The Irish and Germans were the two largest non-French immigrant groups to come to New Orleans before the Civil War. As it had been for the immigrants who came before them, the reason for their arrival stemmed from problems in the homeland. Poverty and revolution were two recurring themes of this period.
The first significant Irish to come to New Orleans actually did so at the very end of the eighteenth century. These were the "old" Irish. They came in the wake of the failed uprising of the "United Irishmen." Seeking refuge in a Catholic, Spanish New World possession, these arrivals tended to be well educated and/or came from the upper classes. Many would thrive in New Orleans and adopt, ironically, to a slave economy.
Poverty began to drive out the poorer Irish steadily in the 1820s, with the potato blight of the 1840s forming an exclamation point on the migration to the western hemisphere. The Irish have a memorial in New Orleans at West End, the terminus of what was once the New Basin Canal. The canal was dug in the 1830s to facilitate lakeward commerce. It connected the lake with what is today the location of the Amtrak/Grayhound bus terminal in the Central Business District. The lore is that the Irish dug the canal because they represented a lower cost of labor than slaves. Why might also free laborers be more attractive in the city proper?
|Loyola students at St. Alphonsus|
NOTE: There is an opportunity on Wednesday, March 11, 6 to 8 pm, to go to St. Alphonsus for "fun under the frescoes." This will include Irish Music, Irish Dancing, and alcohol!!! Check out the Facebook page for it. I will allow you to make up a reading assignment if you shoot a selfie, write a paragraph about your experience.
The "Germans," - really a collection of various Central European peoples, but primarily Germanic nations, fled to New Orleans and elsewhere from political upheaval surrounding the reactionary crackdown against the revolutions of 1848. Like the "old" Irish, this first wave of Germans included many thinkers and professionals. Unlike the "old" Irish, they did not take so fully to the slave system. Theirs was a more evolved form of republicanism. Visiting radicals like the Hungarian Louis Kossuth helped these migrants stay connected to their homelands. A great many of these Germanic immigrants were also Jewish, strengthening an already significant segment of the New Orleans community. More Germans come later in the 1880s, and we'll talk about them later on in the semester.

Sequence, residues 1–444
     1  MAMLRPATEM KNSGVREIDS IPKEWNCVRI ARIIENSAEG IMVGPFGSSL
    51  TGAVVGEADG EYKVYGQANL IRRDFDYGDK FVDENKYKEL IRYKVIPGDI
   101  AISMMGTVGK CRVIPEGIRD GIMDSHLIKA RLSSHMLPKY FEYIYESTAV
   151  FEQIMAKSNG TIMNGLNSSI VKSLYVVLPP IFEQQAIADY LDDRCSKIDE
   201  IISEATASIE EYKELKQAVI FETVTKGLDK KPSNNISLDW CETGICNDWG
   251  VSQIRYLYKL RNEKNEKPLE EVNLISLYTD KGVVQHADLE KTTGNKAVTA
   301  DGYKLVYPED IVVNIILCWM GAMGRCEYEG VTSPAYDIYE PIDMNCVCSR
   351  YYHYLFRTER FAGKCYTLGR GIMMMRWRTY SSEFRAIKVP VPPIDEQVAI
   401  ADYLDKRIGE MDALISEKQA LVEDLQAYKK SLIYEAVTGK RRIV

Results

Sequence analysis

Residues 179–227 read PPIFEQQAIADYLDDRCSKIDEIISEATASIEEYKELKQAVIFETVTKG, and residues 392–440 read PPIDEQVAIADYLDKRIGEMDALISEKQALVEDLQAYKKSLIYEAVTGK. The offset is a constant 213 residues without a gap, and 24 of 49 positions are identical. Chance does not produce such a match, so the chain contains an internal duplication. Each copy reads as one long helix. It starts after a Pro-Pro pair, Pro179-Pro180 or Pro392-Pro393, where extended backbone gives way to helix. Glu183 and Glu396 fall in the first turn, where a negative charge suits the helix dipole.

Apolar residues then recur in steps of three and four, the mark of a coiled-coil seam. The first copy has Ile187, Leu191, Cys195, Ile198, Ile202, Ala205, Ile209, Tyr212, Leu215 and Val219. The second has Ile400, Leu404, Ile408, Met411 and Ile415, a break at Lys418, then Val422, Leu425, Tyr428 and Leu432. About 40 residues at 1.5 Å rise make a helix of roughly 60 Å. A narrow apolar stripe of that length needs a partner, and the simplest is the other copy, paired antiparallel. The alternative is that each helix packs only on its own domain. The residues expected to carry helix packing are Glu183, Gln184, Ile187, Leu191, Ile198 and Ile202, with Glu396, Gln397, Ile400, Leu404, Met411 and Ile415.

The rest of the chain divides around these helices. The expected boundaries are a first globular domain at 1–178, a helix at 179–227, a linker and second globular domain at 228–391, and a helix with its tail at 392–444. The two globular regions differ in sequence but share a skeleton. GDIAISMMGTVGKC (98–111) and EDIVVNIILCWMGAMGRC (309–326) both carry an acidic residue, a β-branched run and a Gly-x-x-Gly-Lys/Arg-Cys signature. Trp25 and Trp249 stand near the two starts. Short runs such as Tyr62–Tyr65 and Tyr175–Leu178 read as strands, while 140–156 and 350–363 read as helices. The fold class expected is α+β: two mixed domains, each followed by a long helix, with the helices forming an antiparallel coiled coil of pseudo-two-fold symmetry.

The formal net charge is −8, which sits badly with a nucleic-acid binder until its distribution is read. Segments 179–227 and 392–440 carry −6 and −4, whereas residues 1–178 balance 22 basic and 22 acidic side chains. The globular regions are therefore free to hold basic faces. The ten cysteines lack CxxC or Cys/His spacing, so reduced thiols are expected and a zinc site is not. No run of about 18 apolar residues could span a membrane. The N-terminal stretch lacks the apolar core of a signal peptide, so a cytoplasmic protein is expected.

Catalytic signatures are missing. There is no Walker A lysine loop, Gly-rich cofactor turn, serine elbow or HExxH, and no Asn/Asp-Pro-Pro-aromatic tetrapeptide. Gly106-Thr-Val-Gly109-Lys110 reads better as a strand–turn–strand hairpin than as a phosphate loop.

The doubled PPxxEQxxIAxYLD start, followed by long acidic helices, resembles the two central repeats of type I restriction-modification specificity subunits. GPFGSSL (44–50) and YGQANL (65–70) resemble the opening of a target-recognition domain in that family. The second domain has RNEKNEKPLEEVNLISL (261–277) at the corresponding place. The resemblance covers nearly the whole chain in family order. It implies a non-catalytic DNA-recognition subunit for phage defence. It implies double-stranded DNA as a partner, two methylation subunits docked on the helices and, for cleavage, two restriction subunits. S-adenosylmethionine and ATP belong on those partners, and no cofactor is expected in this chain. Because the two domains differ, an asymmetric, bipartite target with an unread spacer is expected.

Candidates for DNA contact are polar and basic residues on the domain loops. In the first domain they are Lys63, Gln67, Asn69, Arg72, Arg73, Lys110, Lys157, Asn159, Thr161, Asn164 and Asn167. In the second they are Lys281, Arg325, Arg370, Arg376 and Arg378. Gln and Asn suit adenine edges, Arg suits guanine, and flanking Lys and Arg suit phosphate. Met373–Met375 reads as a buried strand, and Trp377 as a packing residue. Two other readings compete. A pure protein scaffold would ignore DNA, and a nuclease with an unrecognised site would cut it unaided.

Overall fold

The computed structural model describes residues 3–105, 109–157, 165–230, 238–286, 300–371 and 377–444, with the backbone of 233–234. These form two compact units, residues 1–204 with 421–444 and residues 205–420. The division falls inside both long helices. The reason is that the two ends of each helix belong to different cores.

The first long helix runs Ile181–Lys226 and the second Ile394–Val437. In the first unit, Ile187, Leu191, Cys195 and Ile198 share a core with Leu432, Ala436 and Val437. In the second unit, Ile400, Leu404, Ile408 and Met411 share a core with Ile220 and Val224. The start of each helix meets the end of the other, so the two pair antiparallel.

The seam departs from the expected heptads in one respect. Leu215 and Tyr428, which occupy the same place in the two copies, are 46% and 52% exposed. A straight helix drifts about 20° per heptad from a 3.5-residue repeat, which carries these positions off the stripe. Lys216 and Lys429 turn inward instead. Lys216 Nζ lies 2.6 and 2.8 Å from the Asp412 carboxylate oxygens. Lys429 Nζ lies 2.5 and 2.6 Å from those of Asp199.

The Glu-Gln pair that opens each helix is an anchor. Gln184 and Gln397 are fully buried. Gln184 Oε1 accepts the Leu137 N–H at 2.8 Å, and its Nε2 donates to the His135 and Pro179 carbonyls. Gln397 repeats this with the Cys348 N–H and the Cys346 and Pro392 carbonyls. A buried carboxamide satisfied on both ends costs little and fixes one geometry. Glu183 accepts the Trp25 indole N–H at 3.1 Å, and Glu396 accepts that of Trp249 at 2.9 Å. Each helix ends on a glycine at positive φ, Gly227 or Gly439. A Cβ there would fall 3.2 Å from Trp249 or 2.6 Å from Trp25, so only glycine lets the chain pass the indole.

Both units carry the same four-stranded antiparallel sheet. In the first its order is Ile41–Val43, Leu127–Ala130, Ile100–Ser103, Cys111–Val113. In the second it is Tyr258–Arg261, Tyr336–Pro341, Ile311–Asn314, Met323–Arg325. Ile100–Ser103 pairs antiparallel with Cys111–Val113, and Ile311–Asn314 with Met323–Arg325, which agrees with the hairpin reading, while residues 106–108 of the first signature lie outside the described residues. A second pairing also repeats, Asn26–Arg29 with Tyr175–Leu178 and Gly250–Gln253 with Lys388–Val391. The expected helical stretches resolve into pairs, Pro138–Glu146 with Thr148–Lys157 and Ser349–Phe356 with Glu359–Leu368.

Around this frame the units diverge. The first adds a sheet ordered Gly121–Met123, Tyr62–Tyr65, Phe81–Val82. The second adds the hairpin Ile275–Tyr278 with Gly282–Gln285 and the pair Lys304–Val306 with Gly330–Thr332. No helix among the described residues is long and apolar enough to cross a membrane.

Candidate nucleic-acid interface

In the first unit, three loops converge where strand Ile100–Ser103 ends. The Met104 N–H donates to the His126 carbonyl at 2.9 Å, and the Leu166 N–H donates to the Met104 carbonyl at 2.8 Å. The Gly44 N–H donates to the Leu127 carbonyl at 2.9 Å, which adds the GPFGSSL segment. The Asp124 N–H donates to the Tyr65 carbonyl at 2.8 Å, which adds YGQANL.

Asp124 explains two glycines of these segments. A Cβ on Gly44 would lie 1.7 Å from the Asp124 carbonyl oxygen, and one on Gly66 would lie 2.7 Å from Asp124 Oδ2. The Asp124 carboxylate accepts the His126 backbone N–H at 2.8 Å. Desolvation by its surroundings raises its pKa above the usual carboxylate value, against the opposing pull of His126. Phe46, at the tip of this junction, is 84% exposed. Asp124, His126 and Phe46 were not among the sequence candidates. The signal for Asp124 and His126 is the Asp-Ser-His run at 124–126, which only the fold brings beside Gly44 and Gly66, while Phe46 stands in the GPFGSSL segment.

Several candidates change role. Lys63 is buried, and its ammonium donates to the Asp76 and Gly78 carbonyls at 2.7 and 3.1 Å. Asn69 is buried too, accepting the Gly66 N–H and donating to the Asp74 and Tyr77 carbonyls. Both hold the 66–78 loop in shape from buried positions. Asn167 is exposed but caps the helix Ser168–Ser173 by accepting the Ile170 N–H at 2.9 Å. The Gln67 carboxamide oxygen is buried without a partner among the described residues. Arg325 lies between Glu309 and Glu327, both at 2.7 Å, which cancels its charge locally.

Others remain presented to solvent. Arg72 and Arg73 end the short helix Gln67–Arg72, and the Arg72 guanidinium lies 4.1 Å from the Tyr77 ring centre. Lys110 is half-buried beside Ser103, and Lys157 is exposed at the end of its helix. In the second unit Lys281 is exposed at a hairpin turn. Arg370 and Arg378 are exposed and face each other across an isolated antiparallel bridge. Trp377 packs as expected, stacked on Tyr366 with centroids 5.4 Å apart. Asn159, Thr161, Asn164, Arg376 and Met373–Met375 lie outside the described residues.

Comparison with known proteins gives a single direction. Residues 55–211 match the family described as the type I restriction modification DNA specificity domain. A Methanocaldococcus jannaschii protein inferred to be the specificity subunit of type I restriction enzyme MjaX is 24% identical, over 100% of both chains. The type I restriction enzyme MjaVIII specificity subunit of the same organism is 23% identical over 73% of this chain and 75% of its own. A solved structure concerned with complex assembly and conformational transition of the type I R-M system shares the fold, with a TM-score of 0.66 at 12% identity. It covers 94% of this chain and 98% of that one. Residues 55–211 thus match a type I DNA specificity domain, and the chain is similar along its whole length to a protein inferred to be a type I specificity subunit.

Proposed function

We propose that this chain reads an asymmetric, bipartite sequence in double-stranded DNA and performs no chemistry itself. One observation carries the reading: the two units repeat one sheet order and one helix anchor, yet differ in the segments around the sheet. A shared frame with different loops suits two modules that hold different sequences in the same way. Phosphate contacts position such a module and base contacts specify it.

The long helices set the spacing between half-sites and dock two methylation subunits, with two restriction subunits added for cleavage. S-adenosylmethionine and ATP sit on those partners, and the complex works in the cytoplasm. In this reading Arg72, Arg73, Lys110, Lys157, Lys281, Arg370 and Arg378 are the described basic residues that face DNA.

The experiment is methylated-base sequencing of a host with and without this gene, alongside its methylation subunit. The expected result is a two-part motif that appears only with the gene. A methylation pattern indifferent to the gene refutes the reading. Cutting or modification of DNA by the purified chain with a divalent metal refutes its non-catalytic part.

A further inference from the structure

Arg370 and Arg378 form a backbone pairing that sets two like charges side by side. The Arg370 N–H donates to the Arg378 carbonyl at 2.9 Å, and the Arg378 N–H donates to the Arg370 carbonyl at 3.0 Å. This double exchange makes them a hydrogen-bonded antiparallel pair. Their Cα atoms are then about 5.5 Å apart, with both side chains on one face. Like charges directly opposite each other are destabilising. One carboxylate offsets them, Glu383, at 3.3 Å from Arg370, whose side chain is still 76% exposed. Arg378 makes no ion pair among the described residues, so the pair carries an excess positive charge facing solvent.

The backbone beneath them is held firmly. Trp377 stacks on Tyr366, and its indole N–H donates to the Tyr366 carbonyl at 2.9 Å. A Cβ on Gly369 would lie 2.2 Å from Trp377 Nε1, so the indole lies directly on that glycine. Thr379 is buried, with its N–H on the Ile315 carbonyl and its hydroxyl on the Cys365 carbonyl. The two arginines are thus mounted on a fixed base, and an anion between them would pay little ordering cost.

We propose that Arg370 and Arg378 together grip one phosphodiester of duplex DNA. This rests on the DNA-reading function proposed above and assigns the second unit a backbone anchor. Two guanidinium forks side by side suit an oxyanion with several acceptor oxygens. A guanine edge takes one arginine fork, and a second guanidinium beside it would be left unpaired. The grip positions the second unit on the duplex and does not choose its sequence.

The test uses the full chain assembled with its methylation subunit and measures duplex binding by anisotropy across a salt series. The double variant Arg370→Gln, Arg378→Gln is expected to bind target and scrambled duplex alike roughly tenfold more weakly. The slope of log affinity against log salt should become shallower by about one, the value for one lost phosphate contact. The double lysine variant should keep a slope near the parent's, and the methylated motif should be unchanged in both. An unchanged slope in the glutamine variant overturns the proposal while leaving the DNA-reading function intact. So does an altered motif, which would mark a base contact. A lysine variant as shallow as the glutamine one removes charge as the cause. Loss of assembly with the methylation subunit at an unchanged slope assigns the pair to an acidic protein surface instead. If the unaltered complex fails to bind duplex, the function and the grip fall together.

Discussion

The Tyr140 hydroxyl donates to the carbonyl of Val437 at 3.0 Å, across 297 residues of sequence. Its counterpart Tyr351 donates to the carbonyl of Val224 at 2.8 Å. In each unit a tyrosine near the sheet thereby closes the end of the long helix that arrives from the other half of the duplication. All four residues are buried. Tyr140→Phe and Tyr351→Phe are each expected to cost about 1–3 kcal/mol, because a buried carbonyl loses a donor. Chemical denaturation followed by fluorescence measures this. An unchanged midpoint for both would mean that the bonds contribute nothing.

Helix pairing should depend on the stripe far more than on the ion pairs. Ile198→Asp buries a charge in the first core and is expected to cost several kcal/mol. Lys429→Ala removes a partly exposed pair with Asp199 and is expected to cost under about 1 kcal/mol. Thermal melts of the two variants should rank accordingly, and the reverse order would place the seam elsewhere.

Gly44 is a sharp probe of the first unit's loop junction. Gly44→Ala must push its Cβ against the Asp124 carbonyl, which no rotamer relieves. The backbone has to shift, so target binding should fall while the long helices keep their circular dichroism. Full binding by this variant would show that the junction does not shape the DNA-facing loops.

Literally across the street from St. Alphonsus, the Germans had their own Catholic church, St. Mary's Assumption.
|St Mary's Assumption - just right across the street from |
St. Alphonsus. The "German" Church.
|A detail from the stained glass in St. Mary's|
Most famously illustrating the role of the German community was the celebrated case of Sally Miller or Salomé Müller. It was just one of many cases that illustrated the conflicts inherent in the slave system and mixed-race slaves.
Many Germans also settled in what is today considered the Marigny and especially Bywater neighborhoods. Today you can visit what was once the German Holy Trinity Church which operates as the Marigny Opera House. Attend any of their events and I will allow you to make up a reading assignment. Remember, shoot a selfie, write a paragraph about your experience.
Throughout all of the growth New Orleans witnessed, the municipal boundaries changed a bit, including a variety of political re-mappings during the nineteenth century, but none were more acrimonious than the three municipalities of 1836-1847.
Part of the division of the city in 1836 is that the Creoles had begun losing control of the city socially and politically to the immigrants and the Americans, so they wanted to create a portion of the city that they controlled. This meant three sets of courts, three councils, three police departments. It was a real mess. The city reconsolidated in 1852.
When we mean "Creole" by 1836, we must acknowledge in modern parlance that we are talking about white Creole society and Creoles of color.
Speaking of Creoles of Color, here is the picture of Edmund Gustave Fortier, the one I told you about in class. The picture dates from the early 1850s. Gustave Fortier is representative of this unusual class in New Orleans. Many were wealthy, most educated or had trades. In fact, specific trades such as shoes, cigars, plaster, masonry, and many butchers were free people of color. Some of you noticed that there were even people of color who owned slaves at this time. We'll talk about that.
At the same time that all of this immigration is happening, making the city seem more like a northern town (it's the only significant site of immigration in the South), economically, New Orleans is becoming more integrated with the region.
This integration has everything to do with agriculture, finance, and slavery. New Orleans will be the hub of cotton and sugar trading and warehousing for the vast Mississippi Valley. Both of these commodities will be extremely profitable in the 1840s and 1850s as textile manufacturing expands rapidly in the North, and in particular, Northeast. Much of the cotton land of the West was still being cleared and planted by southerners who were headed west in search of better land.
New Orleans became the largest slave mart in America, supplying this large westward push with labor. Consider that the Mississippi Delta, some of the richest soil in the world.... WORLD... had mostly not been cleared by the time that the Civil War began.
Lastly, New Orleans became the banking hub of the region, and on the eve of the Civil War, was nearly 170,000 people in size. The next largest southern town was Charleston, and it boasted just over 40,000 people.